Document Detail

Title: RS307-1 - Mitigating Threats of Counterfeit Materials in the Capital Projects Industry
Publication Date: 9/1/2014
Product Type: Research Summary
Status: Supporting Product
Pages: 28
Summarizes the research team's investigation into the continuing threat of counterfeit, fraudulent, and suspect items (CFSI) in the construction materials supply chain. Discusses the team's methodology, analysis, and findings on the topic, and introduces the Microsoft® Access template for an internal CFSI database it developed for recording and tracking the presence of counterfeit materials on jobsites. Proposes an industry-wide expansion of the database tool for a more comprehensive response to the CFSI threat to the industry.

NOTE: Actual tool included with IR307-2.
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Abstract

CII established Research Team (RT) 307, Mitigating Threats of Counterfeit Materials in the Capital Projects Industry, to expand upon the research of RT 264, Product Integrity Concerns in Low-cost Sourcing Countries, which documented the variety, scope, and impact of counterfeiting threats affecting the capital projects industry. Beyond reconfirming and updating the status of the threat of counterfeit, fraudulent, and suspect items (CFSI) to the industry, the primary purpose of the RT 307 research was to help CII member companies and other interested parties mitigate the presence and effects of CFSIs in the capital project supply chain. The research team developed effective mitigation strategies, practices, and methods for addressing CFSIs discovered on projects, and further proposes the CII CFSI Risk Mitigation Framework to help CII member companies reduce their exposure to CFSI. CII member companies can use this framework at a company or business unit level to improve their internal management processes for blocking CFSIs from their capital project supply chains. The framework can also help organizations improve the identification, assessment, mitigation, and communication components of their risk management programs.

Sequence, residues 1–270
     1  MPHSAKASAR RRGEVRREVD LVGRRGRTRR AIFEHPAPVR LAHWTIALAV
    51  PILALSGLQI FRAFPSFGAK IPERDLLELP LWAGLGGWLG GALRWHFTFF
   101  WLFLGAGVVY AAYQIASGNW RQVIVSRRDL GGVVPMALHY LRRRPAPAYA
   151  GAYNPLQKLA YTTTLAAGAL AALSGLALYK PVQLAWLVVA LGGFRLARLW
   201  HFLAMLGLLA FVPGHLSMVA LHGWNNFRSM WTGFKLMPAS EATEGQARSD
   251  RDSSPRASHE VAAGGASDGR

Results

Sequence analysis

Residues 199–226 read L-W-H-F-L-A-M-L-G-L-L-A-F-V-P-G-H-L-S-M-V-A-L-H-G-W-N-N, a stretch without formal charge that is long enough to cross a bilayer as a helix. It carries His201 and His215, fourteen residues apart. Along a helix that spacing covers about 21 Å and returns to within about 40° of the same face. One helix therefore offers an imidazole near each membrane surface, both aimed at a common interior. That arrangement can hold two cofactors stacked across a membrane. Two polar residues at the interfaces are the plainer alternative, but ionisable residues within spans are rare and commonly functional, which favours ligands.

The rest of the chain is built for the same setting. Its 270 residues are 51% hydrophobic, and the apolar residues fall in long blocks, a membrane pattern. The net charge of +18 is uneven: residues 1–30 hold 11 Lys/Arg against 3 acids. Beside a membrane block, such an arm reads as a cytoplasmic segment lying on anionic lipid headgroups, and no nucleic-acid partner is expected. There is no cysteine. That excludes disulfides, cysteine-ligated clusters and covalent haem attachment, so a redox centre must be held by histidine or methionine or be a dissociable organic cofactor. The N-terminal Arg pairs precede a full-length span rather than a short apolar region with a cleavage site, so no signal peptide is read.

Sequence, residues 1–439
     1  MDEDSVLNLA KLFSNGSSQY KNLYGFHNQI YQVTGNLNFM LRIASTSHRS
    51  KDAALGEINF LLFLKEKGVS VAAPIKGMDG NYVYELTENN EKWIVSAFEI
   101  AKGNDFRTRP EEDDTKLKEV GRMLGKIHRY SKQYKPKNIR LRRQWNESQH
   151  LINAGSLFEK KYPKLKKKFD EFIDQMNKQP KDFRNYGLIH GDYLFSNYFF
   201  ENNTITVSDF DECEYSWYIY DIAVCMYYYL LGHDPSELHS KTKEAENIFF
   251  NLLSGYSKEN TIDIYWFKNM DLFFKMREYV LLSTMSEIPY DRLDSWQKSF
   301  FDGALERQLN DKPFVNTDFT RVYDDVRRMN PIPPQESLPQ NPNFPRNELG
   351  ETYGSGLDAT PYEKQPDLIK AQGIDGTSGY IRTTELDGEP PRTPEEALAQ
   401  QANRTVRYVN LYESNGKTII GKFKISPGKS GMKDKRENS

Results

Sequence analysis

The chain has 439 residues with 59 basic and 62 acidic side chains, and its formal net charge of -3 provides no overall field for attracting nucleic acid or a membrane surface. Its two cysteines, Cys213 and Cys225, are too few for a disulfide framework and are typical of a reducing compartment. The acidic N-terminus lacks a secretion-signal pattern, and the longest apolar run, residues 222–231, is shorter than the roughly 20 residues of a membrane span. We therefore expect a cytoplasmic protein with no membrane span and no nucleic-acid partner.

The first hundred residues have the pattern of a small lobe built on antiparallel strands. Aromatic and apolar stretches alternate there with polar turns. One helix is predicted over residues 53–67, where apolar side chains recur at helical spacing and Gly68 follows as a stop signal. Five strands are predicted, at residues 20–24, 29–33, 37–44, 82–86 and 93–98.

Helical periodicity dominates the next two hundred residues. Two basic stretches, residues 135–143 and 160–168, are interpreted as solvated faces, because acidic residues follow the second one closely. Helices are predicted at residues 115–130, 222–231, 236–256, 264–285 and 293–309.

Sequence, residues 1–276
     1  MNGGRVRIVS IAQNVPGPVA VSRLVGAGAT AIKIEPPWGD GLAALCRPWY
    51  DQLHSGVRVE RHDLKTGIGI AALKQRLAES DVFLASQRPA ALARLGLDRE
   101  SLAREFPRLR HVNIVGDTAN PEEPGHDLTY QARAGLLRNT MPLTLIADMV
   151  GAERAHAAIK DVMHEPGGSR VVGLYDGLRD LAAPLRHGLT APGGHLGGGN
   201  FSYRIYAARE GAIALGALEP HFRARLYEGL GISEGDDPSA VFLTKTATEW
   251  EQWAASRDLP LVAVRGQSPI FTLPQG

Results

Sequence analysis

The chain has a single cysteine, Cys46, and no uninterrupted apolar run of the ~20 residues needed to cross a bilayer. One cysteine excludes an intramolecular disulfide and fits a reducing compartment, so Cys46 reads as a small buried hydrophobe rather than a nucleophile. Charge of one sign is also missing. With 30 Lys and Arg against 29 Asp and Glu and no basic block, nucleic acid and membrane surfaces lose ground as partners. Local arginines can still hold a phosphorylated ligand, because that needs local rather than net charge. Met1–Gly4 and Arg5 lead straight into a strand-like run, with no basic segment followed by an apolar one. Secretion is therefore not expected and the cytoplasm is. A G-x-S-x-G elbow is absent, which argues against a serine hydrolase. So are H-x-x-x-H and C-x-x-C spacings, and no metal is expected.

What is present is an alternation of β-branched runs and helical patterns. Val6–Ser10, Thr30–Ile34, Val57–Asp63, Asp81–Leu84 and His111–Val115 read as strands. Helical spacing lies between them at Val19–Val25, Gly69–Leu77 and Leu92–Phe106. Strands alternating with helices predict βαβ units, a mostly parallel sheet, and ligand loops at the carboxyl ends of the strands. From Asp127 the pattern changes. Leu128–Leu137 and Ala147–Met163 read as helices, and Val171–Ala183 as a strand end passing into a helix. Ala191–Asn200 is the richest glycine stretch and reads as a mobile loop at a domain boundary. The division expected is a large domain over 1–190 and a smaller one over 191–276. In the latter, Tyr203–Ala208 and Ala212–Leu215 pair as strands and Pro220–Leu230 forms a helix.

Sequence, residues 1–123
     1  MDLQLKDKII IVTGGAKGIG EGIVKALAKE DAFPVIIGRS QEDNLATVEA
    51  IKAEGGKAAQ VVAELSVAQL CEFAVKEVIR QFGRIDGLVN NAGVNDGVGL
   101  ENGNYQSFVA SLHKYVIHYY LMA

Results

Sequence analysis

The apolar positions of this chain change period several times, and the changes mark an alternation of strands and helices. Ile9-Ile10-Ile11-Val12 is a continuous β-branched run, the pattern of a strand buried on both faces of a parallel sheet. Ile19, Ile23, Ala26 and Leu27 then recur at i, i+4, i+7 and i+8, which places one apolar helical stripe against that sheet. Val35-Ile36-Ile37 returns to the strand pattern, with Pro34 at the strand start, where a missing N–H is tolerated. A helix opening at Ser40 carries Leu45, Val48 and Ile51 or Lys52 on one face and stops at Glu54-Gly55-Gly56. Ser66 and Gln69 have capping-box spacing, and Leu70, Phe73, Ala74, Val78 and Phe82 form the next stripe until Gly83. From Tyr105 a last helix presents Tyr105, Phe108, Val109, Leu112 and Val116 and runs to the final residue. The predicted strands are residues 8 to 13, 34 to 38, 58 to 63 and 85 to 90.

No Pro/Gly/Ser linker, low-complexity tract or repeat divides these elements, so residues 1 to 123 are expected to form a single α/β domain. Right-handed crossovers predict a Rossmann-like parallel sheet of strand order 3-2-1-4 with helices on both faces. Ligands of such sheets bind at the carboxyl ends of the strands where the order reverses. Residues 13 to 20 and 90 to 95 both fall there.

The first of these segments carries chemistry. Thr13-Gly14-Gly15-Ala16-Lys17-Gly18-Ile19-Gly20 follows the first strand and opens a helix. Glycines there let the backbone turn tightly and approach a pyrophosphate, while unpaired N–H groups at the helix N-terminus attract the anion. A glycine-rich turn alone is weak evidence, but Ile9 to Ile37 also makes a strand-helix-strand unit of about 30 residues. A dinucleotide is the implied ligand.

To support the framework, the research team developed a catalog of 19 CFSI risk mitigation strategies, a resource that presents each strategy, explains its implementation, and discusses the challenges inherent to mitigating the type of CFSI it addresses. Any organization can modify the catalog to make it an evolving (customized) point of reference on CFSI risks. (See Chapter 4 of this research summary for an overview of the catalog and see Implementation Resource (IR) 307-2 for a detailed discussion of its use.)

RT 307 also studied alternative solutions and the feasibility of mitigating CFSIs at the industry level. As a result, the research team developed a phased approach to implement the research findings. The first phase is to apply the framework at the individual CII membership level. The second phase is to expand this application at the broader level of the entire CII membership and the construction industry. Applying a uniform framework across the entire industry would create alignment on data collection and data evaluation. Such uniformity would provide the basis for developing and implementing a CFSI database to facilitate the timely exchange of accurate data on CFSI at an industry level. (See Research Report 307-11, Mitigating Threats of Counterfeit Materials in the Capital Projects Industry, for details on this phased database approach.)

In the second phase CII would collect the data from CII member companies and channel it to a data exchange program after appropriate review. After collecting the data, CII would analyze it and publish any CFSI trends and patterns detected. Beyond requiring the collaboration of CII members, this phase would also require governance and logistical support from CII. Important motivations for this CII-centered initiative include the following:

  • CII leads anti-CFSI efforts within the construction industry.
  • CII would extend its role as a facilitator of industry collaboration.
  • CII can facilitate the anti-CFSI actions of its membership.
  • CII is at the forefront for reporting trends in the construction industry.
  • As a research organization, CII can avoid some regulatory issues (e.g., anti-trust).
Since establishing such an overarching apparatus would require considerable deliberation, coordination, time, and resources, the research recognizes that it is not immediately actionable. Thus, the team restricted its in-depth discussion of this second phase to RR 307-11.

 

This research summary is composed of five chapters: an introduction delineating the scope and objectives of the research, as well as the expected output; two subsequent chapters that discuss the research methodology, data analysis, and the key findings; a fourth chapter summarizing the CFSI Framework and implementation model; and, a final chapter of conclusions and recommendations for future CFSI research.